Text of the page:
Malaysia to revert to G2G for hiring foreign workers

SM Abbas and Saddiff Ovee
Published : 06:00, Aug 12, 2018 | Updated : 06:00, Aug 12, 2018

Malaysia to revert to G2G for hiring foreign workersMalaysia is planning to revert to the government-to-government (G2G) approach that does not involve any medium, cancelling the existing G2G Plus system for hiring foreign workers.

On Jul 29, Malaysian national daily ‘The Star’ quoted Human Resources Minister Kulasegaran saying, “We don’t want G2G Plus. Any arrangement should be government-to-government. There’s no reason why we cannot employ direct from the source countries.”

When the middlemen had been removed, there would be less chance of corruption, noted Kulasegaran.

The human resources ministry was also formulating new policies on how to bring foreign workers from source countries, including Bangladesh, India, Indonesia and Cambodia.

In February 2016, Malaysia and Bangladesh signed a memorandum of understanding (MoU) on ‘G2G Plus’ system allowing privately-run manpower recruiting agencies to send workers to Malaysia.

Bangladesh officials, however, have no knowledge on the new move of Malaysia, one of the biggest manpower markets for a long time.

“We know nothing it and the Malaysian government has not informed us yet,” Labour Counsellor of the Bangladesh Embassy Md Sayedul Islam told Bangla Tribune.

Malaysia’s new move came after South Asian country Nepal banned its workers from going to Malaysia due to ‘monopoly’ of security and medical check-ups by a private company as part of Malaysia’s ‘restrictive’ visa requirements.

Private company Bestinet Sdn Bhd is the sole party that carries out bio-medical screening for migrant workers entering Malaysia.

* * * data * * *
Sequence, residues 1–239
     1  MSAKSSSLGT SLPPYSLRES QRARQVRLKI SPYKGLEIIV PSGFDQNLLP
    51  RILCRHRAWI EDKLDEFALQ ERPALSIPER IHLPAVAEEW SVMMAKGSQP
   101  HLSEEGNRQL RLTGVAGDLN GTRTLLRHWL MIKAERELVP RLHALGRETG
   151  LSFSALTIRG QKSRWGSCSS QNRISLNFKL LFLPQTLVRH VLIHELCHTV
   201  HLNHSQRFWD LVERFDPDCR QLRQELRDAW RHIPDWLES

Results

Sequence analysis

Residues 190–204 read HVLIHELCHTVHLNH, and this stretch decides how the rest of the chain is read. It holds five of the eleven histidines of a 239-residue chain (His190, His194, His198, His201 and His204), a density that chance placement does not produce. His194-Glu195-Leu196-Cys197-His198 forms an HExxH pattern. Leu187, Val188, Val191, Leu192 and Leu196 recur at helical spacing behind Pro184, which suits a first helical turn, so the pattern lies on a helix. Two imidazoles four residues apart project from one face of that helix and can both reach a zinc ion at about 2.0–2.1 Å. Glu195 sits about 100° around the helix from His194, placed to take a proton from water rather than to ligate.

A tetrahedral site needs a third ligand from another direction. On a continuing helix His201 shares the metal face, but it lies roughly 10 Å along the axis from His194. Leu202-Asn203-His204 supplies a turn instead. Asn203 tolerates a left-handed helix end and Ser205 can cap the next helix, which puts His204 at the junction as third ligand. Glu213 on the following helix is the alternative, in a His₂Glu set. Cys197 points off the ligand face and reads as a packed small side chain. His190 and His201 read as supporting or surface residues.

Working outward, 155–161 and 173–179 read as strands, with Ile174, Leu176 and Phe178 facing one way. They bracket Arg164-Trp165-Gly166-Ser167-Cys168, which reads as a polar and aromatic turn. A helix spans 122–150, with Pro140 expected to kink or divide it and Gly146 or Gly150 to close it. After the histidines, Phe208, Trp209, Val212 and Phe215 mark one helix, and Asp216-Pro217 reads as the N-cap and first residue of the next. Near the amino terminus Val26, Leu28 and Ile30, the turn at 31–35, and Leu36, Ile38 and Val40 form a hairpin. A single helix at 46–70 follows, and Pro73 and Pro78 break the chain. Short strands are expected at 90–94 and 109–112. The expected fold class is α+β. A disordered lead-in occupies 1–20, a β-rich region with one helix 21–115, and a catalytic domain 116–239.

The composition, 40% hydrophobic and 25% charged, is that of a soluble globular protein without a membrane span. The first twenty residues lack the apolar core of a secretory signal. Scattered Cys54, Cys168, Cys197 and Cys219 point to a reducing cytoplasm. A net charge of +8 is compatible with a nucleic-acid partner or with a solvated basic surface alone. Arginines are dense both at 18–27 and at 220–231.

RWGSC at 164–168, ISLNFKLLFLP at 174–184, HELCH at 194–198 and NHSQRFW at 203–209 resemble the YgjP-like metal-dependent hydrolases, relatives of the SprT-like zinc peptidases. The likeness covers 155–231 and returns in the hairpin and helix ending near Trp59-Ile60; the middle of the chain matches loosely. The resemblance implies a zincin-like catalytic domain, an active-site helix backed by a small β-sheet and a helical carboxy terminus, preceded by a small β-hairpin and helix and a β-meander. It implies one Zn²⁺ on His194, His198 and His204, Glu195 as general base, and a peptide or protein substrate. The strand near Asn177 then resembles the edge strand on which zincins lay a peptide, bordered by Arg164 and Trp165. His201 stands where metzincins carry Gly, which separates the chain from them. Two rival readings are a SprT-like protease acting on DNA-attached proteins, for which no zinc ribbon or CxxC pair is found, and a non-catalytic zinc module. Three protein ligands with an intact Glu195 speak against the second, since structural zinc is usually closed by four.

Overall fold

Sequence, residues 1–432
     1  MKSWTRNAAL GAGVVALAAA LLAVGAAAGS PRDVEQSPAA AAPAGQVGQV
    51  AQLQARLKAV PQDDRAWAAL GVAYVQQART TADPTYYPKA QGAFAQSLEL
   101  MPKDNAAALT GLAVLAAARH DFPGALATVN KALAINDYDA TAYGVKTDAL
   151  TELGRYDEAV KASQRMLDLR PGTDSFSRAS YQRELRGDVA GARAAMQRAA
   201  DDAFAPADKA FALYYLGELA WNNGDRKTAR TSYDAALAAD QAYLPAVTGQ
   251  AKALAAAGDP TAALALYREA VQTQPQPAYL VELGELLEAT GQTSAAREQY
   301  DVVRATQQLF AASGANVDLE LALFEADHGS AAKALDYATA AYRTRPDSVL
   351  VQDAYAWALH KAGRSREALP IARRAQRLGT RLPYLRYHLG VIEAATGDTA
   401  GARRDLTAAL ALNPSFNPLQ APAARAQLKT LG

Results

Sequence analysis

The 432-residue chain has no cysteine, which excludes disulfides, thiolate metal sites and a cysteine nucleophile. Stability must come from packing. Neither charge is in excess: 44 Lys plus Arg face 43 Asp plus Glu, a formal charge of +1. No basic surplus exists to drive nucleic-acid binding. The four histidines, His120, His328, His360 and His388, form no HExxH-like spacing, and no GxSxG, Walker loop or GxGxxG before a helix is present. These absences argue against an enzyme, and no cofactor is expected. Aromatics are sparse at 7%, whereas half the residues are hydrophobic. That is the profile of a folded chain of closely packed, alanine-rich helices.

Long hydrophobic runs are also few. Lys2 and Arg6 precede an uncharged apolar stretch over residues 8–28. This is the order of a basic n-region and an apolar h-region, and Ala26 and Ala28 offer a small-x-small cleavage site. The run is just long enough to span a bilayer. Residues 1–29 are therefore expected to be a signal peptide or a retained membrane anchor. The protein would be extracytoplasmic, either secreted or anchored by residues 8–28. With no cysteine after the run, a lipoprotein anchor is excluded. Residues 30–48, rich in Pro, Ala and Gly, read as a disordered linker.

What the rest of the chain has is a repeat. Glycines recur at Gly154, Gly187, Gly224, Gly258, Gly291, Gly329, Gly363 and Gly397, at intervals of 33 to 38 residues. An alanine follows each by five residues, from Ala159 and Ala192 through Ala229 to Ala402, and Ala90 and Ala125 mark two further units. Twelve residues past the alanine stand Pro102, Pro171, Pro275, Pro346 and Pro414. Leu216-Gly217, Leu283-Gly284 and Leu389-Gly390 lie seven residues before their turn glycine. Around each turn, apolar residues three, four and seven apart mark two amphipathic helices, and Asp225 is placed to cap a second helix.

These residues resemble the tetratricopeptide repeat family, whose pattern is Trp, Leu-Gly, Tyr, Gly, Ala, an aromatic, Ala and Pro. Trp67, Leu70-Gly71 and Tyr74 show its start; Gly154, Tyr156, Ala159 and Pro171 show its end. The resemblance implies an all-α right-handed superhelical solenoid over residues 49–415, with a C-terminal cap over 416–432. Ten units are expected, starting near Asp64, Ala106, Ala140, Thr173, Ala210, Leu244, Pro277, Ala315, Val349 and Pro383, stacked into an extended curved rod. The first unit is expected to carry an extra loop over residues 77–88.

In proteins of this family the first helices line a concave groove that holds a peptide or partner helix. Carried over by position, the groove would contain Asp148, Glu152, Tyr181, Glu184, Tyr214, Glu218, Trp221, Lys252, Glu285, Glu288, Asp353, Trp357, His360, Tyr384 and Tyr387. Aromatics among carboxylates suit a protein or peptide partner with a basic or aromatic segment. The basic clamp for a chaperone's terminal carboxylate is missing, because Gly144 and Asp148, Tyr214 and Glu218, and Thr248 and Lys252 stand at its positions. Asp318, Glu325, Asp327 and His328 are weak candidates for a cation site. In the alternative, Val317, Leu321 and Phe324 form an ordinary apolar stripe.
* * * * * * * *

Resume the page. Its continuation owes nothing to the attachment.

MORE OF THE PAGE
“Workers are not slaves. They come here as guest workers and should be treated with respect. There was no headache during G2G then – and we want to go back to that,” said Kulasegaran.

Over 500,000 Nepalese workers are currently working in Malaysia. About 150,000 of them are hired as security guards, while the rest are involved in construction and manufacturing.

In June this year, a report by The Star revealed that Bangladeshi workers were forced to pay Malaysian Ringgit (RM) 20,000 ($4900) each to their local agents who then paid half of the sum to a human trafficking syndicate to get work permit approvals and flight tickets to Malaysia.

Spearheaded by a Bangladeshi businessman with alleged political connections with the Home Ministry, the syndicate raked in at least RM 2 billion ($490 million) in just two years from Bangladeshi workers.

Due to strong political links to Malaysia and Bangladesh governments, the businessman was also instrumental in signing the 2016 MoU, ultimately sidelining about 1,500 recruitment agents in Bangladesh.

Data from Bureau of Manpower Employment and Training (BMET) shows 109,562 workers have gone to Malaysia under the G2G Plus system since 2016.

As the allegation of monopoly and corruption surfaced, the Malaysian government suspended the operation of the companies and launched an investigation.

Officials at BMET said the Malaysia employers still hire workers from Bangladesh.

“‘The G2G Plus system still in effect,” said BMET Director (training) Nurul Islam.